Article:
Closing in on the first light in the Universe

Research using new antennas in the Australian hinterland has reduced background noise and brought us closer to finding a 13-billion-year-old signal

The early Universe was dark, filled with a hot soup of opaque particles. These condensed to form neutral hydrogen which coalesced to form the first stars in what astronomers call the Epoch of Reionisation (EoR).

“Finding the weak signal of this first light will help us understand how the early stars and galaxies formed,” says Dr Christene Lynch from ASTRO 3D, the ARC Centre of Excellence for All Sky Astrophysics in 3 Dimensions.

Dr Lynch is first author on a paper published in Publications of the Astronomical Society of Australia. She and her colleagues from Curtin University and the International Centre for Radio Astronomy Research have reduced the background noise in their observations allowing them to home in on the elusive signal.

Photo caption: Dr Christene Lynch at the Murchison Widefield Array (MWA), which consists of 4096 antennas arranged as “tiles”. Credit: Dr Christene Lynch

The team worked with new equipment installed on the Murchison Widefield Array (MWA), a radio telescope situated inland and some 800 kilometres north of Perth.

The MWA started operation a decade ago. One of its aims is to find the radio wave signature of that first light, known as the Epoch of Reionisation, or “EoR.”

It comprises multiple low-frequency “antenna tiles” which work together to search the sky for the faint remnant of the out-pouring of ionised hydrogen atoms that accompanied first light, which began around 500 million to one billion years after the Big Bang.

Recently the number of antenna tiles was doubled from 128 to 256, significantly extending the land area occupied by the facility – and greatly upping its power.

By combining some of the existing tiles with 56 of the new ones, ARC Centre of Excellence for All Sky Astrophysics in 3 Dimensions scientist Dr Christene Lynch and her team were able to run a new sky experiment, called the Long Baseline Epoch of Reionisation Survey (LoBES), to refine the hunt for the long-sought signal.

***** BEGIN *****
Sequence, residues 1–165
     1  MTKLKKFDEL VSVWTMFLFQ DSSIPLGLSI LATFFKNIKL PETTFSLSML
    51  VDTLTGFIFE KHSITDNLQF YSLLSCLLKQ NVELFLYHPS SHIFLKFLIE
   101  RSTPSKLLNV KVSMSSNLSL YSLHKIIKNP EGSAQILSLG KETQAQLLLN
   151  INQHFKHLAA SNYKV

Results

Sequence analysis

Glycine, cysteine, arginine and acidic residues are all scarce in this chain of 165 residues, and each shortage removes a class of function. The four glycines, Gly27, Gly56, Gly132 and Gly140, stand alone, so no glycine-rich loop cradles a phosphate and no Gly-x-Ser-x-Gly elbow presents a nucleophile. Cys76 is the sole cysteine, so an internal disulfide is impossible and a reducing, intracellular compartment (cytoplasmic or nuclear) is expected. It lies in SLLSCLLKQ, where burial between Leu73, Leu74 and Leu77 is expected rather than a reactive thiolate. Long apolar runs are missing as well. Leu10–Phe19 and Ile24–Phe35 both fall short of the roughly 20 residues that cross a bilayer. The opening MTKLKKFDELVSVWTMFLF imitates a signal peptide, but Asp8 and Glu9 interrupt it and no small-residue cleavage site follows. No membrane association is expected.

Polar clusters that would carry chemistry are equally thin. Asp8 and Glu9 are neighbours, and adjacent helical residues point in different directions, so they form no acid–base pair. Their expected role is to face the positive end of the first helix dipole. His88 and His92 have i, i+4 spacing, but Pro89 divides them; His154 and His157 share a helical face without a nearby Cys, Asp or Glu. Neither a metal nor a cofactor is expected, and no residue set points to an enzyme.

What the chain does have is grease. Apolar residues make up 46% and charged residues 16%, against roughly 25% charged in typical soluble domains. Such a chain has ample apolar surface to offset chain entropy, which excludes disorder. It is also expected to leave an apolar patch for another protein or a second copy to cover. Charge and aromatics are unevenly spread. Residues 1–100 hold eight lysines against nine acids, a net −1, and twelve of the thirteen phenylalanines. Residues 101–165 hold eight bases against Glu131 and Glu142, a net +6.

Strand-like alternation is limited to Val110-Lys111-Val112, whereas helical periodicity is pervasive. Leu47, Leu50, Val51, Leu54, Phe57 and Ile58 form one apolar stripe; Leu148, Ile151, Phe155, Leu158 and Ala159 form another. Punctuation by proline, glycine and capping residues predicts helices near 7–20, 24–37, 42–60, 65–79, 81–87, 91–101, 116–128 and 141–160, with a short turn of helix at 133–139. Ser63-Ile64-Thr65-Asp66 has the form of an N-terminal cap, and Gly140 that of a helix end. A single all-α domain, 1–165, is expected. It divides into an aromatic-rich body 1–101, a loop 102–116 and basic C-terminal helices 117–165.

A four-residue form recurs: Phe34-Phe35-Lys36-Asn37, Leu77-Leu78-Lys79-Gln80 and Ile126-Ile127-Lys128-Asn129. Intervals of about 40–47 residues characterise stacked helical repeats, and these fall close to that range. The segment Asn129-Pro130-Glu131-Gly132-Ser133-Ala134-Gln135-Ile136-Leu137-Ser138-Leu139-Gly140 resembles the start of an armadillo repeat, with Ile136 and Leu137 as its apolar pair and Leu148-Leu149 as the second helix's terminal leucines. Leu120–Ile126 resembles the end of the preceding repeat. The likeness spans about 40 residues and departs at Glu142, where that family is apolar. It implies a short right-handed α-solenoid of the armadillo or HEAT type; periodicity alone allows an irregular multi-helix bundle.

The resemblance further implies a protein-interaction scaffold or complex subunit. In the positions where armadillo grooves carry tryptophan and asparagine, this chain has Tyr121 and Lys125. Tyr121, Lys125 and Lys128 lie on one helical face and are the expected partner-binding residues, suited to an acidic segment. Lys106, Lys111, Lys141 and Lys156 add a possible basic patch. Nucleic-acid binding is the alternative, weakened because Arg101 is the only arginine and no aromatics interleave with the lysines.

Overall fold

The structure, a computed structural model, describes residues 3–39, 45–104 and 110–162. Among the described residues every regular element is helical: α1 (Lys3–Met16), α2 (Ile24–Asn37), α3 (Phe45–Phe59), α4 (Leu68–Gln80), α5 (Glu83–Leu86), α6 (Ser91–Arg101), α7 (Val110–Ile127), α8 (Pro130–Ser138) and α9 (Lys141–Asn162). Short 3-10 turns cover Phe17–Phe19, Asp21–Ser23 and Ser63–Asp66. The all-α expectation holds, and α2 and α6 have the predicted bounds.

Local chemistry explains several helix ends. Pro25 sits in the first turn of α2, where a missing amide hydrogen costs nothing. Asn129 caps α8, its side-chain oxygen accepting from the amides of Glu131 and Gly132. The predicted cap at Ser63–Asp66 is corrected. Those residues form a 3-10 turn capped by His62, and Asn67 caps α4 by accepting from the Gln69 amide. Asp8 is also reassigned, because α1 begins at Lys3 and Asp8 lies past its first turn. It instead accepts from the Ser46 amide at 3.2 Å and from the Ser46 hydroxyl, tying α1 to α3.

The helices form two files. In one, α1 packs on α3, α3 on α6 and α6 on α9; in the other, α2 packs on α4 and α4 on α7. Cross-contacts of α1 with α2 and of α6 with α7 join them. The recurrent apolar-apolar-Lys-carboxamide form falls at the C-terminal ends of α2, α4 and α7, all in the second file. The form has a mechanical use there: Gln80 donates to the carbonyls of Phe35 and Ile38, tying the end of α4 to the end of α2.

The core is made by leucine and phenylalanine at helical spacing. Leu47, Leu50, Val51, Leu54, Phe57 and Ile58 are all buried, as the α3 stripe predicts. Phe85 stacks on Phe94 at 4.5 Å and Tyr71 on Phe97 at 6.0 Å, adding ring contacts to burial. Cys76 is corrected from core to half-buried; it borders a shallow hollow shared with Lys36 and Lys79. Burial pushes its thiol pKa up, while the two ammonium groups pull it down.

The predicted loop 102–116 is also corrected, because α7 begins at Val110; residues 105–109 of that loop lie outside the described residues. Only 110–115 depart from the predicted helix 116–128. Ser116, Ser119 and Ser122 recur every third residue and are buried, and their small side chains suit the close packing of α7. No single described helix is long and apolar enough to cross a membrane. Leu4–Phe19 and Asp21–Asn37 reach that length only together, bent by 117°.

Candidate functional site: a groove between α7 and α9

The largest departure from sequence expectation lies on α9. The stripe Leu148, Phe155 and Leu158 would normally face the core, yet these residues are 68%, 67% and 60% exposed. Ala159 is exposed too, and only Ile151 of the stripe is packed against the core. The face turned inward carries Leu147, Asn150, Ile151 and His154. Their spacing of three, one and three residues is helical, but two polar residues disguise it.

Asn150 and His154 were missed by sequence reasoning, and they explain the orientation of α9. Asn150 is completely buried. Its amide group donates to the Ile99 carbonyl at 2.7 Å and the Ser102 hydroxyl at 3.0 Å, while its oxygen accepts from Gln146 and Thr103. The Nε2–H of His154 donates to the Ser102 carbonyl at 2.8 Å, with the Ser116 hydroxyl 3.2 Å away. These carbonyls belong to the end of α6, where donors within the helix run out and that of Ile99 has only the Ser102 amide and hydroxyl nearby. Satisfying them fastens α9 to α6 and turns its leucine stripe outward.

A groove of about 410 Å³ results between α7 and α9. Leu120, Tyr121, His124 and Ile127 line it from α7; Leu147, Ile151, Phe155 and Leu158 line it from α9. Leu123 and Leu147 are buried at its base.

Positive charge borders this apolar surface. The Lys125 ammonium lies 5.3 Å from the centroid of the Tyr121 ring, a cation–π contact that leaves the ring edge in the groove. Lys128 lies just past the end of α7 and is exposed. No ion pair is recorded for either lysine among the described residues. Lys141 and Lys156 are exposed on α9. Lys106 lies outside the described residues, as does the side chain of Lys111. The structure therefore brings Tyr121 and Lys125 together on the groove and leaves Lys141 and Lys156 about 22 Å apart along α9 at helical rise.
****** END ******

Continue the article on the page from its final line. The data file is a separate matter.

“Our challenge is that the Universe is very, very crowded,” Dr Lynch explained.

“There are too many other radio sources that are much brighter than the EoR signal lying between it and us. It is like trying to hear someone whispering from across the room, when between you and that person there are thousands of other people shouting as loudly as possible.

“By using the new tiles and thus expanding the physical area over which the antenna work we were able to reduce a lot of that interference. As more and more of the tiles are added in, we’ll have a much better chance of finding the echo of that first light.”

Dr Lynch worked with colleagues from ASTRO 3D and the Curtin University node of the International Centre for Radio Astronomy Research.

They surveyed more than 80,000 radio signal sources, taking 16 spectral measurements for each. Running the results, they produced real and simulated models in which the noisiest foreground radio signals were reduced by a factor of three.

“The Epoch of Reionisation signal started life as a hydrogen atom radio wavelength of 21 centimetres,” explained Dr Lynch.

“Over the intervening billions of years it has been stretched and grown very, very faint. It’s clear that our new LoBES sky model will significantly improve efforts to properly locate it.”

Co-author Professor Cathryn Trott, an ASTRO 3D Chief Investigator with ICRAR and Curtin, added: “This is our deepest and most detailed view to-date of the radio sky in these EoR fields, and this new catalogue provides us with a cleaner path to locating the EoR signal – a detection that will be a very major achievement for astronomy.”